Racial insult escalates to vicious assault By Shayne Morrow Ha-Shilth-Sa Contributor Port Alberni—A member of Hupacasath First Nation is recovering in hospital following a brutal assault that appears to have been racially motivated. Bert McCarthy, 41, suffered a shattered kneecap and multiple leg fractures when he was attacked by four men at the River Road Petro Canada station on Saturday evening. The assailants then dragged the injured man into the middle of the road, where he was spotted by an off-duty RCMP officer who happened to be passing by. McCarthy said he had noticed the four suspects earlier in the day, when they were seen riding two green, white and
black jet skis on Alberni Inlet, but contrary to initial reports, there was no confrontation. “No. They were just down the Canal when I was bringing my boat in,” McCarthy said Monday. “I was heading to Port from Toquart Bay. They were down there, around Kildonan, just cruising around on their jet skis.” McCarthy said he didn’t think much about it when he pulled into the Petro Canada at about 10:30 p.m., and saw a truck pulling one of the jet skis at the pumps. But what started as a casual conversation turned ugly immediately. “I wanted to talk to one of the guys, and I said, ‘Was that you guys that were down-Inlet?’ and he said ‘Why? Have you got a problem, Chug?’ And he started putting me down,” McCarthy said. McCarthy said he decided to defuse the
Inside this issue... Message from the NTC President...............................Page 2 Family seeks closure after 10 years.............................Page 3 Gold River students get cultural worldview.............Page 8 Career Opportunities....................................................Page 9 Community and Beyond............................................Page 10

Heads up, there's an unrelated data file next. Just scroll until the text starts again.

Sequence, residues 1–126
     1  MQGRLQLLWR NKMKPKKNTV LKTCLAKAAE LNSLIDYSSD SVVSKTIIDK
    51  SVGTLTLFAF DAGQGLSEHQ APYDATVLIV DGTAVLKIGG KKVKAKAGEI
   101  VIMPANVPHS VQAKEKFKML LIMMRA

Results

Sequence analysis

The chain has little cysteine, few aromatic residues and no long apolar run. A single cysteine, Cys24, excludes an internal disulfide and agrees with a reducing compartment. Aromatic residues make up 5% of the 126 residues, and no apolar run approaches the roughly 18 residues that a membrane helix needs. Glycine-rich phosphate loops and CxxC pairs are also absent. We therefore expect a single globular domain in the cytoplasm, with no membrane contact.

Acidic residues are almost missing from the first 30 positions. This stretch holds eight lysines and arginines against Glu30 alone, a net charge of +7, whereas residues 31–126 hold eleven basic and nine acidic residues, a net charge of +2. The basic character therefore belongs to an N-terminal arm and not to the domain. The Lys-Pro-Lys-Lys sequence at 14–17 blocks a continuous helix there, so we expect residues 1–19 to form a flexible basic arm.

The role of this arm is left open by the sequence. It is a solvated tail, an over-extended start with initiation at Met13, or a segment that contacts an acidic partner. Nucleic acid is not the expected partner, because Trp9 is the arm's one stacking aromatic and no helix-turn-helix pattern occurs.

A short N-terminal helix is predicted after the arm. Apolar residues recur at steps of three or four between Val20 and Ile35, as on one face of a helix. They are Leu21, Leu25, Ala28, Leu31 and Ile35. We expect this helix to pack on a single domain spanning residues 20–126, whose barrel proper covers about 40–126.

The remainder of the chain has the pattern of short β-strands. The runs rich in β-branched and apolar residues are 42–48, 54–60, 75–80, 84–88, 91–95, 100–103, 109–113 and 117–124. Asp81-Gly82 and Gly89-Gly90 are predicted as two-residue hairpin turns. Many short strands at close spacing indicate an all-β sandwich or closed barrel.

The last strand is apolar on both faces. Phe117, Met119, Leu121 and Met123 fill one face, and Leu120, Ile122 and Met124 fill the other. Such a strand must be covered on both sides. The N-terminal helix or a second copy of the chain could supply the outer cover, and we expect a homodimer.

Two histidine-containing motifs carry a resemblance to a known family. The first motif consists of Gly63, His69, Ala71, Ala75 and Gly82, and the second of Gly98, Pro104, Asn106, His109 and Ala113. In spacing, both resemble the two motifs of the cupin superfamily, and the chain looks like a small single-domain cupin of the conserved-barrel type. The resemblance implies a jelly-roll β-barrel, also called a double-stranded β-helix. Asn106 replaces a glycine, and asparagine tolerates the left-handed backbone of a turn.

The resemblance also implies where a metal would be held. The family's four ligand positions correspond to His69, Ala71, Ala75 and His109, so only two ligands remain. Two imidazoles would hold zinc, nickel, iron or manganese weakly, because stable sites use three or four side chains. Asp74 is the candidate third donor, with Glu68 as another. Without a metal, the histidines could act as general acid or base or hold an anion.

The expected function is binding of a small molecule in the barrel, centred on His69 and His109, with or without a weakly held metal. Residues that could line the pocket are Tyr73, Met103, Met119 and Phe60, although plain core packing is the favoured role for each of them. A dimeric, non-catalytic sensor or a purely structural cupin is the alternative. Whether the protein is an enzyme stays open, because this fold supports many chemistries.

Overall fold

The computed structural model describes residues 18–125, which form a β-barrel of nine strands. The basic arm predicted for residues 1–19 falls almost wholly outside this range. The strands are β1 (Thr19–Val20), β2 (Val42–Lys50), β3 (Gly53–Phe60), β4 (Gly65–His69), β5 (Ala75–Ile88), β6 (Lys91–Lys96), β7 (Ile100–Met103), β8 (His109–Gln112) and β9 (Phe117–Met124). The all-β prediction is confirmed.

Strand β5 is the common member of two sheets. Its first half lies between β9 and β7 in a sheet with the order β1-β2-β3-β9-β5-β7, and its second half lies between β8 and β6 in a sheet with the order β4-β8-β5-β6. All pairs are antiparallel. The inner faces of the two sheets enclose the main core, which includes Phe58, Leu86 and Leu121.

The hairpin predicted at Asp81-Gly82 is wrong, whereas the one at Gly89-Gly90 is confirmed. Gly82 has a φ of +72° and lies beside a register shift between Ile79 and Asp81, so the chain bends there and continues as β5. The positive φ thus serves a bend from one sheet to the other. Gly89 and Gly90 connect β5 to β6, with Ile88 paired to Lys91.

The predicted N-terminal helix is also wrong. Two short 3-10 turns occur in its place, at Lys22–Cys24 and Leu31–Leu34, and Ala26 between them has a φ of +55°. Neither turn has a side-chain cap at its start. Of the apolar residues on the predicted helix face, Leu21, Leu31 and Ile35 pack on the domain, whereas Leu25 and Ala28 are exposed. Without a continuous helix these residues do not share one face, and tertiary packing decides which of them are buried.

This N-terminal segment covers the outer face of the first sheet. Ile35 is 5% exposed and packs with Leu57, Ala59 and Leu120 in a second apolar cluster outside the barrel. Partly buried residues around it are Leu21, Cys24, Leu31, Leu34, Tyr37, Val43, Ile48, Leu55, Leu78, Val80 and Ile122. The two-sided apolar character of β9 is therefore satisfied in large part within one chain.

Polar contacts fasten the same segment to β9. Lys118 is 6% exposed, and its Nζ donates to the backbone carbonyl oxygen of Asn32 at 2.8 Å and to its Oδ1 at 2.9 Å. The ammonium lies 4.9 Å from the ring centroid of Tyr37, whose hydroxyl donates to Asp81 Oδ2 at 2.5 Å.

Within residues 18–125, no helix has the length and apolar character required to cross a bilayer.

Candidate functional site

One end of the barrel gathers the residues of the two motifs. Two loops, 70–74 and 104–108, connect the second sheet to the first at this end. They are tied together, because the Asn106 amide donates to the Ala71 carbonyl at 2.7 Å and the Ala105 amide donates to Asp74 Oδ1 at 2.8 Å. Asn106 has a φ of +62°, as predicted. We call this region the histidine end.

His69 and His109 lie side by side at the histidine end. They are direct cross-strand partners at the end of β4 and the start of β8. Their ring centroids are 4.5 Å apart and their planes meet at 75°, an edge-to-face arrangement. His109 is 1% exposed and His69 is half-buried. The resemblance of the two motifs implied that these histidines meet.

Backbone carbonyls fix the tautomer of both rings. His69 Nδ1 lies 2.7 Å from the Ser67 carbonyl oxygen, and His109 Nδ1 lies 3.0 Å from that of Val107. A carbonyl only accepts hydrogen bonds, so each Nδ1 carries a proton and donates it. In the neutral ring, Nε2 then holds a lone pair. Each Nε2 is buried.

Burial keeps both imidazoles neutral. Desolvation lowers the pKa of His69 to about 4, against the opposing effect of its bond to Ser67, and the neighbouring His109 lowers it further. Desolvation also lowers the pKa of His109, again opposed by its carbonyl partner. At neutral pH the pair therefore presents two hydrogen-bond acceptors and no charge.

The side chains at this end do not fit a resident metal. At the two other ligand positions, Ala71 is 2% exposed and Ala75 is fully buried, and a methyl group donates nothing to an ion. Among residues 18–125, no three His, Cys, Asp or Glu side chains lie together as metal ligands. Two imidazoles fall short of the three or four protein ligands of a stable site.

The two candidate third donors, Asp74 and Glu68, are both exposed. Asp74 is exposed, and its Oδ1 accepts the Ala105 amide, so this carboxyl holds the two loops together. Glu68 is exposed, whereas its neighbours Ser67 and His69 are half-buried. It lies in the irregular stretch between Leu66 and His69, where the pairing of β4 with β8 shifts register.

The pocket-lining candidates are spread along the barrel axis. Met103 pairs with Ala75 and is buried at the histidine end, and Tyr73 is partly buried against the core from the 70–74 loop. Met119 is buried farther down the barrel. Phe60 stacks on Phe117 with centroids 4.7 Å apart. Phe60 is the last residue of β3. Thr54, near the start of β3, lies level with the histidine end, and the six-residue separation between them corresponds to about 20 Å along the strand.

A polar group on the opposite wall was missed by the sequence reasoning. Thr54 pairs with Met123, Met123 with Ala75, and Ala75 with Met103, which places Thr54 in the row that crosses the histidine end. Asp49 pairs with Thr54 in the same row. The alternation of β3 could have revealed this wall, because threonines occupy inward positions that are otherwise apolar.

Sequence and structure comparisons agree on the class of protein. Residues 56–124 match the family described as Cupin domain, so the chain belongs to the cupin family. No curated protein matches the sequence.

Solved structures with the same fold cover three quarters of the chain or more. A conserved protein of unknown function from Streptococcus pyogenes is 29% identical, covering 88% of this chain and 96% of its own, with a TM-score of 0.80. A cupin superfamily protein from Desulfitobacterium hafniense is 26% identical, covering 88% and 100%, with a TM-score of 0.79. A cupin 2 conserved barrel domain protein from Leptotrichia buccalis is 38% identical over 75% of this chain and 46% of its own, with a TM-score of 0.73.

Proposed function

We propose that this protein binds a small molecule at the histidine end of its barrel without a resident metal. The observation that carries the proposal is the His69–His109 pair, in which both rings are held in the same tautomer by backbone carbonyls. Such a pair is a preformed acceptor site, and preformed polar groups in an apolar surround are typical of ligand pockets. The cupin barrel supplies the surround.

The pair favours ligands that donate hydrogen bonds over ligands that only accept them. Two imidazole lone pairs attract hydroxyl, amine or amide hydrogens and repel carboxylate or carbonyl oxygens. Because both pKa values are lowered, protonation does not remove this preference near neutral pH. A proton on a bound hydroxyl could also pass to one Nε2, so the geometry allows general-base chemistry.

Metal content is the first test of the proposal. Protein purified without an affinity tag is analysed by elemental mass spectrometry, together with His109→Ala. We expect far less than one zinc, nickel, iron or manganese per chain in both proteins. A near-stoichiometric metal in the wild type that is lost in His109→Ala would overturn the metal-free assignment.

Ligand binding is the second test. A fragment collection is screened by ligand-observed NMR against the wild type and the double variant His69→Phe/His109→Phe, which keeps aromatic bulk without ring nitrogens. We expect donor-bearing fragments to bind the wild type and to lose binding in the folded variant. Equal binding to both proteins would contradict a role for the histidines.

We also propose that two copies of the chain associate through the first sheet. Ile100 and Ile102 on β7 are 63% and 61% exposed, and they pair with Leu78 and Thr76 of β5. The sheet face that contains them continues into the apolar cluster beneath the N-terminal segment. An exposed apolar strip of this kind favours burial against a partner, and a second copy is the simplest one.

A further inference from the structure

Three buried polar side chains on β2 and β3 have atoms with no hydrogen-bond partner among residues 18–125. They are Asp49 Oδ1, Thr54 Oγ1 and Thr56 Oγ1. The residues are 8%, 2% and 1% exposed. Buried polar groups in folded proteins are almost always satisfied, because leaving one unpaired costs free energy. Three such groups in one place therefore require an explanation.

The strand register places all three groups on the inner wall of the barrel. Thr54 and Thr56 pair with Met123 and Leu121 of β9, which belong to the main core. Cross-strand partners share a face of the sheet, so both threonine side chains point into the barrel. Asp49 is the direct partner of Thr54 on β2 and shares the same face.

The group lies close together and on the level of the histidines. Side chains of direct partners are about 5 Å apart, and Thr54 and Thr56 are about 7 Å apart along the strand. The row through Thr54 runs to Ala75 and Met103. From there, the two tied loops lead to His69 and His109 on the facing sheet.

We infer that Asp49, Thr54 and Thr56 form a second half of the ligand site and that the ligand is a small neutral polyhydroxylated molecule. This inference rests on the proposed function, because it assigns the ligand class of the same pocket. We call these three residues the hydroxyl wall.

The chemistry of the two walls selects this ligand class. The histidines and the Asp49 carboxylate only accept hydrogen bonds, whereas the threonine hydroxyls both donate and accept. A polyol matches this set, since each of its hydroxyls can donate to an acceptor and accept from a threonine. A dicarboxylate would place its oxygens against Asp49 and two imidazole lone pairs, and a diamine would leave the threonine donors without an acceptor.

situation by walking away. “Then another truck pulled in, pulling a jet ski, and they got out and started chasing me down. I started running, and then they took my legs out.” McCarthy said the four men all took part in the attack, under the glare of the lights at the gas pumps, in full view of the surveillance cameras. “They left me in the middle of the road. I had to drag myself back onto the sidewalk, because I couldn’t walk,” he said. The four suspects fled the scene when the RCMP officer arrived. Hupacasath Chief Councillor Stephen Tatoosh said the timing was fortunate. “There should be some good descriptions and I hope the video picked something up,” he said. “I’ve asked the RCMP to put a lot of resources into this, and
I’ve spoken with the superintendent for Vancouver Island.” McCarthy was transported to Nanaimo Regional General Hospital for emergency surgery. On Monday evening, he was to be transferred to West Coast General Hospital. “I’ll be there at least a few days, until I’m okay to go home,” he said. But the injured man faces a considerable period of recovery and some of the damage may be permanent. “My leg’s shattered. I’ll probably never run again or dance like [John] Travolta,” McCarthy said. “My kneecap is all gone. They said, down the road, they’ll be able to put something in there.” Anyone with information on this assault is asked to contact Port Alberni RCMP at 250-723-2424 or Crime Stoppers at 1-800-222-8477.
If undeliverable, please return to: Ha-Shilth-Sa P.O. Box 1383, Port Alberni, B.C. V9Y 7M2